"Saul has slain his thousands:
And David his ten thousands."
on Exodus 15 :20
And Miriam the prophetess - The part here assigned to Miriam and the women of Israel is in accordance both with Egyptian and Hebrew customs. The men are represented as singing the hymn in chorus, under the guidance of Moses; at each interval Miriam and the women sang the refrain, marking the time with the timbrel, and with the measured rhythmical movements always associated with solemn festivities. Compare Judges 11:34; 2 Samuel 6:5, and marginal references. The word used in this passage for the timbrel is Egyptian, and judging from its etymology and the figures which are joined with it in the inscriptions, it was probably the round instrument.
Miriam is called a prophetess, evidently Numbers 12:2 because she and Aaron had received divine communications. The word is used here in its proper sense of uttering words suggested by the Spirit of God. See Genesis 20:7. She is called the sister of Aaron, most probably to indicate her special position as coordinate, not with Moses the leader of the nation, but with his chief aid and instrument.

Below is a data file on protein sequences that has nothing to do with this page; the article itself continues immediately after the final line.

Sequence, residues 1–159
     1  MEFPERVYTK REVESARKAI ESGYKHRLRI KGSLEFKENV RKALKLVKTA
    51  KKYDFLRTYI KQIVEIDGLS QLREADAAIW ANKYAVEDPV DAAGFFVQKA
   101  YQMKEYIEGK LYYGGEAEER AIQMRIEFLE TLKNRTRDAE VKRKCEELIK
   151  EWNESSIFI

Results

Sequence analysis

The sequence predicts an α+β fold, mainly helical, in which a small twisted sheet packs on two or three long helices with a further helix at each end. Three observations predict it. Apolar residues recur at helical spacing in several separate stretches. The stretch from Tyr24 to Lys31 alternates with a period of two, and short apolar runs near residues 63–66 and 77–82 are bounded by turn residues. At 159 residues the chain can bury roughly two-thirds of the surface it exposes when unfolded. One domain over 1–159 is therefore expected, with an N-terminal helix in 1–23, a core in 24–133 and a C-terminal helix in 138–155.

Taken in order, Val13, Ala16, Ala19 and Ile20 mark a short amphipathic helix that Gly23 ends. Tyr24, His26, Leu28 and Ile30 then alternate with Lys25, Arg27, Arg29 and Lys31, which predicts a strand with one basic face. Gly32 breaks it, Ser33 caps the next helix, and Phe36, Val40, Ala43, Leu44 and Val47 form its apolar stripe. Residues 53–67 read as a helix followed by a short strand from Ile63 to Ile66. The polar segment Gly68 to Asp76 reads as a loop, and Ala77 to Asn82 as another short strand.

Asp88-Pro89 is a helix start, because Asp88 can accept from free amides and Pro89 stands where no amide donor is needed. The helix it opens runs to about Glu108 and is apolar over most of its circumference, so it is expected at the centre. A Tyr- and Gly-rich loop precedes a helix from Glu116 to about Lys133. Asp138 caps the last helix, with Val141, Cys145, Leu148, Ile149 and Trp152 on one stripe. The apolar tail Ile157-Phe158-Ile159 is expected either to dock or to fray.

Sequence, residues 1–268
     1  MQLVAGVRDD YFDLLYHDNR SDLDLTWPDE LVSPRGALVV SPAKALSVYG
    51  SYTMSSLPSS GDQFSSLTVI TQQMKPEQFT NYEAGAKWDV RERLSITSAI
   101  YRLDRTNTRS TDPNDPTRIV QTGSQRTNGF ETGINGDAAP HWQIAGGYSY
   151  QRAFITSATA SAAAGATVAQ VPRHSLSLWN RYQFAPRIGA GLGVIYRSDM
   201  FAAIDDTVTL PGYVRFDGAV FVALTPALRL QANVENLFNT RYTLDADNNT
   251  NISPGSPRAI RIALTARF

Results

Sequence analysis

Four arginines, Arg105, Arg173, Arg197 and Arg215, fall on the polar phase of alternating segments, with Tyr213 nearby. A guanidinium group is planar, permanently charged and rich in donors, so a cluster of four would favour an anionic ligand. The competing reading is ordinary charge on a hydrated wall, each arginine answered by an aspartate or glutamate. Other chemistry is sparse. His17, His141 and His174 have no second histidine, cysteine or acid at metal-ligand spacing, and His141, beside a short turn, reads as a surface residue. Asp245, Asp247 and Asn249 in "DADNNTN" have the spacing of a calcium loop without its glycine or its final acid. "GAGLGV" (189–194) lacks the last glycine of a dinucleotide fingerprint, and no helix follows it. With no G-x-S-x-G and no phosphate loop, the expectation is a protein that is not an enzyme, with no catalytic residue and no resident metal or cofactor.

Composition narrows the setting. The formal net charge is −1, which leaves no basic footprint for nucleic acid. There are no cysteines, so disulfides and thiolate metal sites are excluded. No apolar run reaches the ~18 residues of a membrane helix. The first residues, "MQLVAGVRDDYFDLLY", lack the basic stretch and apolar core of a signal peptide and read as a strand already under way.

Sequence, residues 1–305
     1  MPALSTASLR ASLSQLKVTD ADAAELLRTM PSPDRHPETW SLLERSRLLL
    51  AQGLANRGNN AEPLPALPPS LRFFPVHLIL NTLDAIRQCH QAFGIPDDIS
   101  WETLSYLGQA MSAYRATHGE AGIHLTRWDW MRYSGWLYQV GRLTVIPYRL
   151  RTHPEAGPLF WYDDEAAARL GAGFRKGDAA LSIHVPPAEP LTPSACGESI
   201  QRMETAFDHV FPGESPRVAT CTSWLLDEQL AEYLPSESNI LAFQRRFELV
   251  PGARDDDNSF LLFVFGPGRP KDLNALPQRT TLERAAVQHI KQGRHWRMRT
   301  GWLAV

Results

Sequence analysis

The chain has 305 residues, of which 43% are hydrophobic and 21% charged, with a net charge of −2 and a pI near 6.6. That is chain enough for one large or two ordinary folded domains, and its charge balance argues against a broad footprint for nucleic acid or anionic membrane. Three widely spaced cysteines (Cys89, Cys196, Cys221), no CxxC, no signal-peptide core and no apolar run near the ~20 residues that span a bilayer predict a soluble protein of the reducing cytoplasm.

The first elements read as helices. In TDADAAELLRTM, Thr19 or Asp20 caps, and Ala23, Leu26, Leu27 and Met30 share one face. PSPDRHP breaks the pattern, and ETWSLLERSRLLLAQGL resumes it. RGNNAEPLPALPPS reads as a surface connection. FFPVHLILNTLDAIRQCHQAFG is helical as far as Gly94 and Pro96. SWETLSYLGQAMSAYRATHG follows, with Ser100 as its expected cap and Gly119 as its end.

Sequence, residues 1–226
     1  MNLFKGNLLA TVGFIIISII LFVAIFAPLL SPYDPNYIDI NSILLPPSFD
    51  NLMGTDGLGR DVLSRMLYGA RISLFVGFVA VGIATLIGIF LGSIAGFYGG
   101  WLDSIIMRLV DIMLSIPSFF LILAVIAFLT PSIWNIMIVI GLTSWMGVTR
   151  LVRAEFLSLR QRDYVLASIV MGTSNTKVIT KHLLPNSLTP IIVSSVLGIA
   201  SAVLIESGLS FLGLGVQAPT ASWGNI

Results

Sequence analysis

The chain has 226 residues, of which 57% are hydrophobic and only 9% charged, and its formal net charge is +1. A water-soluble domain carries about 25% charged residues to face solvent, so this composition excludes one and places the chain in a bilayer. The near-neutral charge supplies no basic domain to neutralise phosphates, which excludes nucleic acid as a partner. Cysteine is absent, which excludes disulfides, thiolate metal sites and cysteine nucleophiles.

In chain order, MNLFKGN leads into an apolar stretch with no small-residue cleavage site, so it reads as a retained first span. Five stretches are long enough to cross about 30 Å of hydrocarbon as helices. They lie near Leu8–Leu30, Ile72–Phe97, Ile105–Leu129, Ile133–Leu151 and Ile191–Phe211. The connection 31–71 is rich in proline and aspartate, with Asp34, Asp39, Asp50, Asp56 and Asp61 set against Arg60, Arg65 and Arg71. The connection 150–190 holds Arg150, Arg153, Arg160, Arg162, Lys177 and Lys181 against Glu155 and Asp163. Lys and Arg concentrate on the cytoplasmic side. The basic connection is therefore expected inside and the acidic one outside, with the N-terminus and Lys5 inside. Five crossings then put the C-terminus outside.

on Exodus 15 :20
15:20 Miriam (or Mary, it is the same name) presided in an assembly of the women, who (according to the common usage of those times) with timbrels and dances, sung this song. Moses led the psalm, and gave it out for the men, and then Miriam for the women. Famous victories were wont to be applauded by the daughters of Israel, 1Sam 18:6,7, so was this. When God brought Israel out of Egypt, it is said, Mic 6:4, he sent before them Moses, Aaron, and Miriam; though we read not of any thing remarkable that Miriam did but this. But those are to be reckoned great blessings to a people, that go before them in praising God.